Pain Management

An estimated 70 million Americans suffer from chronic pain. Chronic pain is a major medical condition distinctly different and more complex than acute pain. While acute pain is a normal sensation triggered in the nervous system to alert one to possible injury, chronic pain is a state in which pain persists for many months or years, beyond the normal course required by healing. The economic and personal losses associated with chronic pain can be significant, including costly medical expenses, lost income and productivity; lost mobility, anxiety or depression.

The causes of chronic pain are not always clear. Past traumatic injuries, congenital conditions, cancer, arthritis or other disorders may seem to be obvious culprits, but in many cases the source of chronic pain is complex. This makes it difficult to treat, and pain management usually involves a multidisciplinary focus designed to help the patient reach the highest possible level of function and independence.

Pain management specialists are medical professionals well-trained in the diagnosis and treatment of acute, sub-acute and chronic muscle and nerve pain. Board-certified in this specialty and utilizing the most advanced treatment techniques, pain management physicians work one-on-one with patients who suffer from chronic pain to determine the best treatment plan to relieve symptoms and allow resumption and enjoyment of everyday activities.

Causes of Chronic Pain

Chronic pain may develop as a result of several different conditions. Back pain is an extremely common form of chronic pain and may result from many causes, including herniated discs, stenosis, scoliosis, compression fractures and sciatica. Back pain may be radicular, meaning it travels down the arms or legs. Other causes of chronic pain that may require serious pain management include:

  • Headaches
  • Injury
  • Cancer
  • Reflex sympathetic dystrophy (RSD)
  • Fibromyalgia
  • Diabetic neuropathy
  • Trigeminal Neuralgia
  • Osteo, psoriatic or rheumatoid arthritis
  • Inflammatory bowel disease
  • Depression or other psychiatric disorders

Any chronic pain should be diagnosed by qualified physicians so that it can be appropriately treated.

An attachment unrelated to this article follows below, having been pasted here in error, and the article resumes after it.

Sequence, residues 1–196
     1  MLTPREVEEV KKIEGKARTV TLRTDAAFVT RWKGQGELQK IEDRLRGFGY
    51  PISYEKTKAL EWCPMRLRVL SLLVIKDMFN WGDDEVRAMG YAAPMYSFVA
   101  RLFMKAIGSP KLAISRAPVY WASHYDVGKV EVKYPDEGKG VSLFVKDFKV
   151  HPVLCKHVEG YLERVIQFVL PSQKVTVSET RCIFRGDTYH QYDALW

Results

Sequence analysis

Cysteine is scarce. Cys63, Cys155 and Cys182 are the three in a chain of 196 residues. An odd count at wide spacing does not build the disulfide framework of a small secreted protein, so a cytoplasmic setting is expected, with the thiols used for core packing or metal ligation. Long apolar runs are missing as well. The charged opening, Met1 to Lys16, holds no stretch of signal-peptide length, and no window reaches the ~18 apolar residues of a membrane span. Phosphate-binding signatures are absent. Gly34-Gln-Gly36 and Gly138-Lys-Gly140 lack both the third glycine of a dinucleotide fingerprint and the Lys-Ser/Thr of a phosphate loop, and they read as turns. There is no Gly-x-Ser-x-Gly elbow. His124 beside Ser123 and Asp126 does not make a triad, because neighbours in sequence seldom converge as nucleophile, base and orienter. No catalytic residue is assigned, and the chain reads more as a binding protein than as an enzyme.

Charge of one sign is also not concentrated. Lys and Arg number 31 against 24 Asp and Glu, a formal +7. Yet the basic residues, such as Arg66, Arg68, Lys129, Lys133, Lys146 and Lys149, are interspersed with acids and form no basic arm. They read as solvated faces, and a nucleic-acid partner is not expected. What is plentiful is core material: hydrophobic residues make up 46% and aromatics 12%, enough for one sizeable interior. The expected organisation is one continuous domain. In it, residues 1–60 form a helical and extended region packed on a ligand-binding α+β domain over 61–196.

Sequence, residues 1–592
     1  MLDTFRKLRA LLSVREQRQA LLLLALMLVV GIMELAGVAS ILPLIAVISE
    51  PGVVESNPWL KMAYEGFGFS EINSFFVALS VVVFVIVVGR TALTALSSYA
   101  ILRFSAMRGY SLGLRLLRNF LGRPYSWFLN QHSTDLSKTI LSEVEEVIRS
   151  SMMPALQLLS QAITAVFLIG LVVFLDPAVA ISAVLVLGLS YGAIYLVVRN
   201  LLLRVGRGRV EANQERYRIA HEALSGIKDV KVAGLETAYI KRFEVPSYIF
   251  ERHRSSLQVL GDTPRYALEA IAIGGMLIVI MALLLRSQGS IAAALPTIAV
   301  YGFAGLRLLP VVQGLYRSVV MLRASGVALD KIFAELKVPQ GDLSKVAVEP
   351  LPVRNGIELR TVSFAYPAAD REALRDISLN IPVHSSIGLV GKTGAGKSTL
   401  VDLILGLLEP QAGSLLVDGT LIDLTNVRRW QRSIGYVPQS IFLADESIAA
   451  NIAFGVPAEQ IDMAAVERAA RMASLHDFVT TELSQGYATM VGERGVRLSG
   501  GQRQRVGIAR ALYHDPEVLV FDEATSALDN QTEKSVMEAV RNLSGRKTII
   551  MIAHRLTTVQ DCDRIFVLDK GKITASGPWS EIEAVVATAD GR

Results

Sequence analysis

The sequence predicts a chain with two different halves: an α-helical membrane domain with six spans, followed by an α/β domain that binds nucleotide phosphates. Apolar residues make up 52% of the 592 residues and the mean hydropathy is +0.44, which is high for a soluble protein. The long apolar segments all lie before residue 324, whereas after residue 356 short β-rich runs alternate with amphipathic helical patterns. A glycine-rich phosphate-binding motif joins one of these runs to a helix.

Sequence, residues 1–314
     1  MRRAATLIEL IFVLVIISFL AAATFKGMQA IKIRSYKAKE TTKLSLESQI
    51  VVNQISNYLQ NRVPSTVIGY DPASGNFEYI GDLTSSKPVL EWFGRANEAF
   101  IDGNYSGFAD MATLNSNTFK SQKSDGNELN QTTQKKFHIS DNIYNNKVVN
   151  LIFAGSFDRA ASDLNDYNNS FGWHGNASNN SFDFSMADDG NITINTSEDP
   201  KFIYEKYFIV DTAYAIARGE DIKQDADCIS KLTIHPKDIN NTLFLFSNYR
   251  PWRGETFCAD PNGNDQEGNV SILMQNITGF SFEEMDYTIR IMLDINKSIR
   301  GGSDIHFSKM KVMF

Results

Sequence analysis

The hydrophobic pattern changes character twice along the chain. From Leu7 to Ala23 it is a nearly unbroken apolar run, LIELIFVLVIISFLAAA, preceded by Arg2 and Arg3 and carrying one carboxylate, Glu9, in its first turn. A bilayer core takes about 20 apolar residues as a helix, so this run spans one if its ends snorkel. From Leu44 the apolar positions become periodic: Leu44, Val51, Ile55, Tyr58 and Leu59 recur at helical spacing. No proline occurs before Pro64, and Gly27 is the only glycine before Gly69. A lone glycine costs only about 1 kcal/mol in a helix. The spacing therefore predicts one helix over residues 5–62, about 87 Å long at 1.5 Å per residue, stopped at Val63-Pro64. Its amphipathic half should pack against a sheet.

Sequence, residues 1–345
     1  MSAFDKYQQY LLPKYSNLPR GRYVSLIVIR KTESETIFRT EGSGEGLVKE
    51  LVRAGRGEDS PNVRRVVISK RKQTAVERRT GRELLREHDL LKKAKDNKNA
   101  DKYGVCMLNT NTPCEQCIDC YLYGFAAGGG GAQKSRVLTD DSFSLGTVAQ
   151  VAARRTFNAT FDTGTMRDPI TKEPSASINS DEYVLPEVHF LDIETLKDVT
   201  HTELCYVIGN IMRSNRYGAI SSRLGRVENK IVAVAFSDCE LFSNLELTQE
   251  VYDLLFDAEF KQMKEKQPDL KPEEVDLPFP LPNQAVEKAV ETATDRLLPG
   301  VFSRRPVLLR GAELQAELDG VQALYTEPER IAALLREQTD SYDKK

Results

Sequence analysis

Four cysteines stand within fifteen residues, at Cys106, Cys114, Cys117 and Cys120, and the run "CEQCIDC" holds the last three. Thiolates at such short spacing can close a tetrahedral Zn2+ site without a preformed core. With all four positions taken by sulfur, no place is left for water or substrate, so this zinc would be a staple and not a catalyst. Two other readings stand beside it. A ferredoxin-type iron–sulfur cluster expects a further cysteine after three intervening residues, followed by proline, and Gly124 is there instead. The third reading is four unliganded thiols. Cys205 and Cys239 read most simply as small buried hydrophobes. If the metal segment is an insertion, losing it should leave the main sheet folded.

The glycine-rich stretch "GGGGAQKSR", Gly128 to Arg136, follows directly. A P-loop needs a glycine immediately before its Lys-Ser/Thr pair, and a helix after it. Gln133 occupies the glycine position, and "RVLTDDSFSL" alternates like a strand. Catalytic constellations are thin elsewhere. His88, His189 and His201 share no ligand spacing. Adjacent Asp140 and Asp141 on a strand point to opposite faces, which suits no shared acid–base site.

Pain Management Treatments

Treatments for chronic pain may focus on relieving symptoms or treating underlying conditions, and vary depending on the cause and severity of the condition, as well as the patient's overall health and medical history. The most successful pain management programs are those that are specifically tailored for each individual patient so that they can remain actively involved in their own recovery. Some of the most common treatments for chronic pain include:


Over-the-counter nonsteroidal anti-inflammatory medications (NSAIDs) are often the first treatment utilized to relieve chronic pain. Corticosteroids and stronger prescription medications, often opioids are used when NSAIDs are ineffective. These medications include: codeine, oxycodone, percodan and morphine. Because these medications have some serious side effects, doctors usually try to minimize pharmaceutical treatment by recommending alternative pain management techniques whenever possible. In some cases, antidepressants, such as Cymbalta, may also be prescribed, often to supplement analgesics.


Injections are one of the most effective treatment options for pain management, as they block nerve signals to relieve pain and inflammation. These injections are administered directly into the affected area, along with a local anesthetic to relieve any potential discomfort, and may be composed of corticosteroids, BOTOX®, sclerosing solutions or other substances.

Electrical Stimulation

Through a small battery-operated device worn on the body, transcutaneous electrical nerve stimulation can relieve pain by stimulating the nerves that target the affected area of the body. This treatment is not painful and is considered safe for most patients.


For the most severe cases that do not respond to less invasive treatments, surgery may be required to relieve pain and allow patients to resume normal functioning, although movement may be somewhat restricted. Surgery may include joint replacement, cartilage repair or denervation.

Multidisciplinary Approach

Most patients benefit from a combination of treatments in order to achieve successful pain relief and may be treated by a number of different physicians, therapists, chiropractors and other health care providers.

Pain management specialists sometimes function as team coordinators of individualized treatment plans.

Additional Resources